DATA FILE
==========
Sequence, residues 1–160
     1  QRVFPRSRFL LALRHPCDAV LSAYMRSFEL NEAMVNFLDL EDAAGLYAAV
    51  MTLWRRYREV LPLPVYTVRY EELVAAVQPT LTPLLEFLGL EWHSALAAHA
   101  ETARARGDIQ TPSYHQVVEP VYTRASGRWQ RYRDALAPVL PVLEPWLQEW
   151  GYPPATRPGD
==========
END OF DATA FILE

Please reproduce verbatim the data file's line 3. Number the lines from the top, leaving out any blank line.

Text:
    51  MTLWRRYREV LPLPVYTVRY EELVAAVQPT LTPLLEFLGL EWHSALAAHA